The term of the Travis County grand jury ends Wednesday. Although the investigation into felony charges of illegal corporate spending during the 2002 election theoretically could continue through October, a last-minute burst of activity by prosecutors had defense lawyers speculating — in some cases fearing — the prospect of more indictments by Wednesday.
U.S. House Majority Leader Tom DeLay, R-Sugar Land, and Texas Speaker Tom Craddick, R-Midland, answered prosecutors' questions last month, but Travis County District Attorney Ronnie Earle recently called Texas Association of Business President Bill Hammond for a second visit.
Prosecutors also interviewed state Reps. Beverly Woolley, R-Houston, and Dianne Delisi, R-Temple, who served with DeLay on the board of the Texans for a Republican Majority.
Also, former Dallas lawmaker Bill Ceverha, the treasurer of that GOP committee, met for the first time with prosecutors.
In some instances, the people met with prosecutors because of the threat of being subpoenaed to appear before the grand jury.
"Now, for the first time, there is a general apprehension for everyone," said Austin lawyer Terry Scarborough, who represents Ceverha and Texans for a Republican Majority in civil litigation surrounding the case.
DeLay's Washington lawyer, Ed Bethune, was dispatched to Austin last week to size up the situation.
DeLay, Craddick and their allies all added lawyers who once worked for Earle to their defense teams, but even those closest to the district attorney could not predict what will happen this week.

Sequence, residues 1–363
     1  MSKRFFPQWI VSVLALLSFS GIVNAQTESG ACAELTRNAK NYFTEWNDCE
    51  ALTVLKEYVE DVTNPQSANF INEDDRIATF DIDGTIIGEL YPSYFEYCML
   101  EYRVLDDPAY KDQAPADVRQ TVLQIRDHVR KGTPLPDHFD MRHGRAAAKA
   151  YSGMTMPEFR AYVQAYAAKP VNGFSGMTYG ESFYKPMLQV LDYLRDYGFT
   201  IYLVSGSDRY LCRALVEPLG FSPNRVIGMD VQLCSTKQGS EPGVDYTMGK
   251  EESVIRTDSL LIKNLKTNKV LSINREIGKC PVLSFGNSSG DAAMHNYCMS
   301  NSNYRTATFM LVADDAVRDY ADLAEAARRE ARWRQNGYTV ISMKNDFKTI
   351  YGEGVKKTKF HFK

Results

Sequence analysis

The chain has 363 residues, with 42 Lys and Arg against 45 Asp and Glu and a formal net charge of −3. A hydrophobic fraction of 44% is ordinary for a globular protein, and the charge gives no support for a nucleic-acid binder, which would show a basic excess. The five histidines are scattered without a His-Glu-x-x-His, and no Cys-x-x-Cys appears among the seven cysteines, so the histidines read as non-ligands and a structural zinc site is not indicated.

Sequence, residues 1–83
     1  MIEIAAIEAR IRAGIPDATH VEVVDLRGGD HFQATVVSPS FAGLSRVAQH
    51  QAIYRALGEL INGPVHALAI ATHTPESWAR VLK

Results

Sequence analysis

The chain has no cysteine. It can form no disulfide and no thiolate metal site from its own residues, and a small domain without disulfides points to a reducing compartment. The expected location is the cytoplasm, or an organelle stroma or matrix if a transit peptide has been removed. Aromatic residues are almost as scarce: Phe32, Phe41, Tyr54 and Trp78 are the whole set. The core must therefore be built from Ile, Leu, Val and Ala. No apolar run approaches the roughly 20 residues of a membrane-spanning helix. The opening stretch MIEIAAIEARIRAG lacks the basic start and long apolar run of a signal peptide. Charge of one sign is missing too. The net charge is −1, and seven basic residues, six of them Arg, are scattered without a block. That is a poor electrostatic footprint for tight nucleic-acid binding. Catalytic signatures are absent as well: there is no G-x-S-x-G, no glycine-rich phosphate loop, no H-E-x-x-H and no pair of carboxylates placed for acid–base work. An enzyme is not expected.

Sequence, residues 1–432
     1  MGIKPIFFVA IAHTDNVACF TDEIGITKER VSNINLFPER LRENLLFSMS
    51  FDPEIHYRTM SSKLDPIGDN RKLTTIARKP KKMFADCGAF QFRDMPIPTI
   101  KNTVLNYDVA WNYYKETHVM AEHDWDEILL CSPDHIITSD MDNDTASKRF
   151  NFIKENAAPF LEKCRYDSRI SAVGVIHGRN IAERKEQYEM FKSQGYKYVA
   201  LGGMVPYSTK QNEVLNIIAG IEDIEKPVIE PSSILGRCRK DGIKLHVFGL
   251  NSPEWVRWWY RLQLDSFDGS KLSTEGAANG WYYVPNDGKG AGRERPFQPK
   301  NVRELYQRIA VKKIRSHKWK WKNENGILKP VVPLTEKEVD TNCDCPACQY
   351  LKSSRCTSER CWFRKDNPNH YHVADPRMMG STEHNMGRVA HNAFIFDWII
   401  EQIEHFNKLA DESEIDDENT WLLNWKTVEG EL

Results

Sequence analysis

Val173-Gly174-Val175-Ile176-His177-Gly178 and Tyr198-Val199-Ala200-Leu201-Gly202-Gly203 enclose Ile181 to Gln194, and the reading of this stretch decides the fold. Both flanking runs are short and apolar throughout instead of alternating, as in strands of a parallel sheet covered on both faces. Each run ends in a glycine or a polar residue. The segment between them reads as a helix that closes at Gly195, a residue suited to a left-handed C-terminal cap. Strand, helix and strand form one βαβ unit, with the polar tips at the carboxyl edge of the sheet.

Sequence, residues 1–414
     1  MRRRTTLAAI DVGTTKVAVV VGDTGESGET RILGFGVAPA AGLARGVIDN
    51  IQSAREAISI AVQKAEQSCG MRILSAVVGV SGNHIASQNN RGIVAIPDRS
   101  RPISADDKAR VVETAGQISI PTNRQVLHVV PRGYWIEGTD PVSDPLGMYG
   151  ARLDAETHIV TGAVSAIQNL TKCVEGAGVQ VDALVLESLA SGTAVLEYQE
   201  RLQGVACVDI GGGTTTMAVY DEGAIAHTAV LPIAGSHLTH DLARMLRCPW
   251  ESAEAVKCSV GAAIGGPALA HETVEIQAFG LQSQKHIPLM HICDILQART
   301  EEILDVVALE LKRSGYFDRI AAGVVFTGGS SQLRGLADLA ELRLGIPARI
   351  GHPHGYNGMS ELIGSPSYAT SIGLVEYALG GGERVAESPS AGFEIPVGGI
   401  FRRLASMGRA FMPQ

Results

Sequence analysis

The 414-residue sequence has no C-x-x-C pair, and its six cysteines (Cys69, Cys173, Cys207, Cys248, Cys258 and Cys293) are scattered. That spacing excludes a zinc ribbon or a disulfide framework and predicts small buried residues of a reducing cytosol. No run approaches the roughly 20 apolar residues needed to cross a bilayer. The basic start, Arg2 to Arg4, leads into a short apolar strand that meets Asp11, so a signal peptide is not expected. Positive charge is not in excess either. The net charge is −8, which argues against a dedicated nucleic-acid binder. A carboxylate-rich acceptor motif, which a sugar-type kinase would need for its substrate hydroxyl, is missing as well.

"I wouldn't bet 50 cents on any outcome," said one defense lawyer, who asked for anonymity so as to not draw attention to his client. "You get paranoid at the end."
In recent days, defense lawyers trying to decipher Earle's actions have speculated privately that there is a difference of opinion among prosecutors on who else should be indicted.
There has even been speculation that the grand jury might be pushing prosecutors to do more, not less.
adding conspiracy charges to the indictments of Jim Ellis and John Colyandro has inspired relentless speculation.
After all, conspiracy charges suggest a bigger network than just the two operatives. Plus, it is no secret that the Speaker statute strictly limiting activities related to a Texas Speaker's race may have substantial free speech problems that could tie prosecutions up for years. On the other hand, criminal conspiracy may well take prosecutors to the same place but with fewer constitutional issues.
It may well be no more than the Austin-DC echo chamber, but major national news organizations are on alert and have contacted QR since first thing this morning, in case of an indictment of Majority Leader Tom Delay.
In addition, the mill seems convinced that there are as many as six additional indictments and that the recent parade of witnesses before the Grand Jury may be to lay groundwork for future perjury charges.